UAH alumna Adyre Mason

UAH alumna Chef Adyre Mason, owner of The Veggie

Courtesy @theveggiehsv

Chef Adyre Mason, an alumna of The University of Alabama in Huntsville (UAH), a part of The University of Alabama System, is the owner of the Huntsville cafe The Veggie.

Mason says she has always enjoyed cooking and entertaining and grew up cooking with her mother. “I am a foodie,” the chef admits. “If I’m not allergic to it, I will try anything once.”

This adventuresome spirit and desire to eat something different every day is what made cooking a passion for the UAH alumna, but it also made going vegan difficult. “I was worried about a lack of variety,” she shares. Health issues in her 20s inspired Mason to slowly transition to a vegan lifestyle. It was then she realized that local options for vegans were limited, especially if they wanted to eat at a 100% vegan restaurant. Now Mason owns the only dedicated plant-based restaurant in Huntsville, a realized dream she attributes to her mother’s inspiration and the skills she learned at UAH as an engineer.

Mason and her mother talked often about how they could open a restaurant, but as a software engineer with a decade-long career, Mason wasn’t sure how to make the leap. She worked on Redstone Arsenal, and for a few years, Mason used her Fridays off to cook and deliver dishes around Huntsville to test the market. Her mother’s death in 2017 prompted her to quit her job and open a business. Mason cashed in her 401K and opened a meal prep delivery service that transitioned into a pop-up restaurant at local events and farmer’s markets.

“At that point, it was just me,” she recalls. “I drove all around Huntsville and within a 25-mile radius delivering food. Farmer’s markets offered a lot of visibility. I was just trying to get my name out there.” That was in January of 2018.

By 2020, when most restaurants and entrepreneurs were struggling due to the advent of COVID-19, Mason was flourishing. “I already had a delivery model in place and I added an online store, which worked well during the pandemic,” she explains. “I actually had to turn down orders, so it was time to take the next step.”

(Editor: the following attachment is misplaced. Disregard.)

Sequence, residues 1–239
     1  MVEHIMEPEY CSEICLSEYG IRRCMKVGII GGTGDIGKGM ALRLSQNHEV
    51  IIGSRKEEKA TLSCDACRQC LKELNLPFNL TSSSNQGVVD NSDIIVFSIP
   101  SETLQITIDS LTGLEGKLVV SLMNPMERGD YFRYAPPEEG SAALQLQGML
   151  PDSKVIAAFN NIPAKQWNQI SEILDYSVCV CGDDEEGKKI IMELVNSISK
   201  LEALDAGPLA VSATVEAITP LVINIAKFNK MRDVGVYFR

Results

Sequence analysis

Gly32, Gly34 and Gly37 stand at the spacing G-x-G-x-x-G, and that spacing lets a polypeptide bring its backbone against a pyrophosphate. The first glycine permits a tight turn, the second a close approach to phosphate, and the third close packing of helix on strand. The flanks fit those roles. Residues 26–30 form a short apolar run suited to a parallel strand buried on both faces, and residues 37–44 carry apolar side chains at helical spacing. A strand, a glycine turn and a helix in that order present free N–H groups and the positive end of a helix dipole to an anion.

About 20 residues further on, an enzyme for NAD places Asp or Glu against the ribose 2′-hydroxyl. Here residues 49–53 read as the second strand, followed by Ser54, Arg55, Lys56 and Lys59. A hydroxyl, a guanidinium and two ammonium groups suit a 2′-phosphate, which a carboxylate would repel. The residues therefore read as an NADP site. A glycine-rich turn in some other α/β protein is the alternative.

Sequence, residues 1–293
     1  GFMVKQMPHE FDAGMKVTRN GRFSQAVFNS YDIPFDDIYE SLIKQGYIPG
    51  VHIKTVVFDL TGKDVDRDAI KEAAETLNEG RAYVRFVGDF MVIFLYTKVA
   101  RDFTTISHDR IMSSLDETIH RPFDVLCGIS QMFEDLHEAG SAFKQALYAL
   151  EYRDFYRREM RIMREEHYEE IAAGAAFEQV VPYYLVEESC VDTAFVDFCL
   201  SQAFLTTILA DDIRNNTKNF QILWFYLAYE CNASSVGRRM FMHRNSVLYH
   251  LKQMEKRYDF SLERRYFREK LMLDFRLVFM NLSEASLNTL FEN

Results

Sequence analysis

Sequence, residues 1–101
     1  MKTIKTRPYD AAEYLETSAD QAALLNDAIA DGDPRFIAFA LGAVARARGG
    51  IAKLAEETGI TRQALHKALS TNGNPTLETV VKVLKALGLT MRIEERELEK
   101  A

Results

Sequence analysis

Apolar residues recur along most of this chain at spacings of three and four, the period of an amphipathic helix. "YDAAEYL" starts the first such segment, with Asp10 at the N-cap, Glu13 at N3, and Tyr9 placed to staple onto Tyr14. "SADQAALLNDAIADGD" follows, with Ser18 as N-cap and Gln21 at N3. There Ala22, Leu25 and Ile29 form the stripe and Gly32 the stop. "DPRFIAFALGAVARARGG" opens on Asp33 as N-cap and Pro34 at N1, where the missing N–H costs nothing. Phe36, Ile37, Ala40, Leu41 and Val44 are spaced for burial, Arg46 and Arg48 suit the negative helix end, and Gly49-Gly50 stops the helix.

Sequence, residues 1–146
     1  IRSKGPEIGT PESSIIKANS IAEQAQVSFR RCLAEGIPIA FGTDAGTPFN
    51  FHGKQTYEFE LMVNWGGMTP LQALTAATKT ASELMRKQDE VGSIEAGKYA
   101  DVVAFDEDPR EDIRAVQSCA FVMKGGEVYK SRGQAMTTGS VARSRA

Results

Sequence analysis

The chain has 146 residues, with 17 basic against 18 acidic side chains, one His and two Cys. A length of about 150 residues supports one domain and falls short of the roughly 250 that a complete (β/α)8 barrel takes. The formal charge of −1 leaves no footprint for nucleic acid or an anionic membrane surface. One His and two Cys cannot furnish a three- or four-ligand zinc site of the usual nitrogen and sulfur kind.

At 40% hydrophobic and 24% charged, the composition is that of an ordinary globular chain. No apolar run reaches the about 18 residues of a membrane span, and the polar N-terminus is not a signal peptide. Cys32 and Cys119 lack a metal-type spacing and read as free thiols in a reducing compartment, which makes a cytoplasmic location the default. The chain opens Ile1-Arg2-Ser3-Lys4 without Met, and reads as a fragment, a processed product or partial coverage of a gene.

That next step was to open a brick-and-mortar restaurant, The Veggie, at Lowe Mill. She opened the cafe in March 2021 and tripled her business from the previous year by offering a daily menu, prepared meals, catering services and grab-and-go items.

Mason says her education and experience as an engineer directly informed her success as an entrepreneur. “Someone gave me advice once: ‘Think of your current skill set as an engineer as a way to fill your basket for the future.’ I took that to mean I should use what I learn and know as an engineer to help with my next job.”

That’s exactly what Mason did. She created a 60-page business plan to create a clear vision for her goals. “Being an entrepreneur can be unpredictable, so a blueprint helps,” the alumna shares. She notes that other skills have come in handy, including her ability to manage a team, create and follow a budget and communicate with many different people. Mason also uses data analytics to see how her business is performing and where to focus her efforts.

She learned those skills on the job, but she credits her time at UAH as the impetus for everything that was to come. Mason came to UAH because, she says, there were jobs waiting after graduation. “I was valedictorian of my class, and I had a lot of offers. Auburn was heavily recruiting me. But my teachers and counselors connected me with UAH. A big selling point was that if I graduated from Auburn, I’d still have to come back to Huntsville to work.”